She went on to get her MFA from the Iowa Writers’ Workshop, then waitressed for a while before moving to her family’s cabin in her late twenties, what she calls “such a vulnerable, dilated time” in a woman’s life. Living in the mountains, she says she drank too much and got mixed up with the wrong men, but kept writing.

After winning the General Electric Foundation Award for Younger Writers following the publication of a short story called “The Foot,” she began getting assignments from newspapers and magazines. Ruth Reichl, the renowned food critic and editor, recruited her to the Los Angeles Times. Huneven also reviewed restaurants for the LA Weekly, where she referred to herself as “the other food writer” working in tandem with Pulitzer Prize winner Jonathan Gold.

Although she went into journalism largely to support her creative writing, she found one medium informed the other. “I was such a perfectionist and such a literary writer— so dense and slow and turgid in my prose,” Huneven says. “Journalism helps you develop a voice and learn not to be so precious about your writing.”

She kept churning out weekly food columns, but her novel sputtered. After working on it for 17 years, Huneven began to wonder if maybe she got the facts of her life wrong and she wasn’t really supposed to be a novelist.

“I got so discouraged with fiction writing, it was taking me so long to write a novel, that I quit. I just said, it’s too hard, there’s too much psychic pain.”

She decided to go to the Claremont School of Theology to become a minister instead. She was attracted to the pulpit in part because she had a minister who was “literate, erudite, spiritual, funny” and in part because she thought, “Maybe I can’t write novels or short stories, but I bet I can write sermons. They’re a beautiful little form, like an essay.”

But some drawer in her imagination refused to shut. About two years later, she figured out how to rework her novel. She left the seminary. When she finally sent a 735-page draft of Round Rock to a literary agent, she got a quick response back: “I can’t read this, it’s too long.”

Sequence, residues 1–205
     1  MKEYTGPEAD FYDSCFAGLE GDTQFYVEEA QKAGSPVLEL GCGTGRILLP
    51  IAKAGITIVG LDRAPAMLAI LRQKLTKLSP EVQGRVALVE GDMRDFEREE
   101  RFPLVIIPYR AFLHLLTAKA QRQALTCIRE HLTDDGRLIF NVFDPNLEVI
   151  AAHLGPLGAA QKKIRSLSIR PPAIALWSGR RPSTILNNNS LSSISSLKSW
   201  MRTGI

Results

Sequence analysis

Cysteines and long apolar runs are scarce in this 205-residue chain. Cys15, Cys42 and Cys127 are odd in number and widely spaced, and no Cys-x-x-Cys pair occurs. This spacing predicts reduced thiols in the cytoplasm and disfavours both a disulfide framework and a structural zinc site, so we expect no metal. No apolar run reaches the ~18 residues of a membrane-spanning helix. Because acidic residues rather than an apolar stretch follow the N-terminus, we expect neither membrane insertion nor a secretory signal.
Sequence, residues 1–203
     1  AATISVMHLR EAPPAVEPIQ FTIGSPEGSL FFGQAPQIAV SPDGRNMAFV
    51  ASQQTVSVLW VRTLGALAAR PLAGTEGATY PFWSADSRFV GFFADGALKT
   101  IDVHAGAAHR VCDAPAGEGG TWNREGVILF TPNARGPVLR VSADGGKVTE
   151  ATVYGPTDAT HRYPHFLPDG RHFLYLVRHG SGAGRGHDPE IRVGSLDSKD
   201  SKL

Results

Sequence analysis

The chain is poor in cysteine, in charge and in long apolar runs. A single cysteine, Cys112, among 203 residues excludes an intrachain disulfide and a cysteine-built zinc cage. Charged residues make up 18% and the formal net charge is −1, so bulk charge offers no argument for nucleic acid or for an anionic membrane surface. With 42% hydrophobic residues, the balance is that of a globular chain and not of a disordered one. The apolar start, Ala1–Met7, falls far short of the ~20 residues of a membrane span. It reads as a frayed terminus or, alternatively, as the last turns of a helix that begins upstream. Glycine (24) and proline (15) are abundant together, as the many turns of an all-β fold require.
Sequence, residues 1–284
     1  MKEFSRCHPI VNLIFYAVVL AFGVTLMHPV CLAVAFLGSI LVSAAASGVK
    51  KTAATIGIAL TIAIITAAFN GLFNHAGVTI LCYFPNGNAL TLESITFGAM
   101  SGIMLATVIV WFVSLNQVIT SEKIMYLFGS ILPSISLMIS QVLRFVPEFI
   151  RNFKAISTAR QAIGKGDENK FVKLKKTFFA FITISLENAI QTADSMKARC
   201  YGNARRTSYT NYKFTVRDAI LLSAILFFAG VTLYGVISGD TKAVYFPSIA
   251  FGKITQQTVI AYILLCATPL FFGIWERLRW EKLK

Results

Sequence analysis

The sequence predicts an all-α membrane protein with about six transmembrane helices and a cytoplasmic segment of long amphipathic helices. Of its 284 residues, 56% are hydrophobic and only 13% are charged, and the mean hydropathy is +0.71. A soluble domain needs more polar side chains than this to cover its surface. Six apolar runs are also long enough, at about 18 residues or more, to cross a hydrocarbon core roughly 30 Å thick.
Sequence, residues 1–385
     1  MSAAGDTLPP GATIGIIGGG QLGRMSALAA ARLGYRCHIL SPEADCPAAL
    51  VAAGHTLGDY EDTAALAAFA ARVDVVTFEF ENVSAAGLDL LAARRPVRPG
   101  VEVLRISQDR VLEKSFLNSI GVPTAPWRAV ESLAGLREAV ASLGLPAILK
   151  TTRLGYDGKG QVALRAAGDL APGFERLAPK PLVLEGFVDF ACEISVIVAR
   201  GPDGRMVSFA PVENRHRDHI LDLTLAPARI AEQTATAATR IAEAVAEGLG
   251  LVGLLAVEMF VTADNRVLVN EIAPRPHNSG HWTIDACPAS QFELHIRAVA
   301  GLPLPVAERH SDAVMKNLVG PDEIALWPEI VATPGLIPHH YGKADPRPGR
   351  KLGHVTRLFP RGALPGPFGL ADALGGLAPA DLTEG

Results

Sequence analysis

Huneven cut the manuscript almost in half and sent it back, not knowing the agent thought she had roundly rejected the draft and would never hear from Huneven again.

One Sunday Huneven came home to a message from the agent: “It’s marvelous. Call me.”

Michelle HunevenShe now teaches creative writing at UCLA and was an instructor at the Iowa Writers’ Workshop this past spring semester—“It should really be called barren, frozen tundra semester,” she comments.

An enthusiastic teacher, she is also a ruthless editor. “I can kill my babies and I can kill your babies,” she says, using the writing world’s shorthand for cutting favorite phrases and precious passages.

She’s living the life of a successful writer near the hills of Altadena, where she hikes, does yoga, and eats extremely locally from her own garden. But she warns against idealizing the honorific “published author” too much.

“When you’re a young writer, you think it’s going to change your life to publish a book. I thought it would validate me as a human being.” Looking out from behind sexy-librarian glasses, she smiles. “But you’re really just stuck with who you are and what you do.”

When her next book comes out, Huneven will probably rethink her profession again. “Every time I get published, I think I don’t want to be a novelist any more. I hate the weirdness, getting reviewed, having to promote your book.”

But then she sits back down in her chair, pulls her knees up to her chest, and, with a view of her backyard, begins to write, never knowing exactly what she’ll learn, where she’ll go, and who she’ll meet.